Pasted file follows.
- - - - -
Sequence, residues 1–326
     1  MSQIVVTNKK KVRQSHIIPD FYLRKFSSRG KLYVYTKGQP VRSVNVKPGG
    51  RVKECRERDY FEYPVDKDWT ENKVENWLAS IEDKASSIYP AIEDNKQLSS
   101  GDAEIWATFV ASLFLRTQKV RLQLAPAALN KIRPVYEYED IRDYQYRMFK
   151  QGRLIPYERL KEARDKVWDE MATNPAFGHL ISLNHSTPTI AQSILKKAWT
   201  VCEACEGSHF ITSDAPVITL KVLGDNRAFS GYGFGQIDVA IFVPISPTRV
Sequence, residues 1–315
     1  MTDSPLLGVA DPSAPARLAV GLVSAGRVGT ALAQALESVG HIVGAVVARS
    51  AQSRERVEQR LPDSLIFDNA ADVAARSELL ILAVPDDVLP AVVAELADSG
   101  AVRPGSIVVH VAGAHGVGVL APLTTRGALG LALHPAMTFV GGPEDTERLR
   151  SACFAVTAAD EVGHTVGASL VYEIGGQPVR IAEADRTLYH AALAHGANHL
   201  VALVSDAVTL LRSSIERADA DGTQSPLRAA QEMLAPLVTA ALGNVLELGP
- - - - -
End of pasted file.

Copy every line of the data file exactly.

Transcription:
Sequence, residues 1–326
     1  MSQIVVTNKK KVRQSHIIPD FYLRKFSSRG KLYVYTKGQP VRSVNVKPGG
    51  RVKECRERDY FEYPVDKDWT ENKVENWLAS IEDKASSIYP AIEDNKQLSS
   101  GDAEIWATFV ASLFLRTQKV RLQLAPAALN KIRPVYEYED IRDYQYRMFK
   151  QGRLIPYERL KEARDKVWDE MATNPAFGHL ISLNHSTPTI AQSILKKAWT
   201  VCEACEGSHF ITSDAPVITL KVLGDNRAFS GYGFGQIDVA IFVPISPTRV
Sequence, residues 1–315
     1  MTDSPLLGVA DPSAPARLAV GLVSAGRVGT ALAQALESVG HIVGAVVARS
    51  AQSRERVEQR LPDSLIFDNA ADVAARSELL ILAVPDDVLP AVVAELADSG
   101  AVRPGSIVVH VAGAHGVGVL APLTTRGALG LALHPAMTFV GGPEDTERLR
   151  SACFAVTAAD EVGHTVGASL VYEIGGQPVR IAEADRTLYH AALAHGANHL
   201  VALVSDAVTL LRSSIERADA DGTQSPLRAA QEMLAPLVTA ALGNVLELGP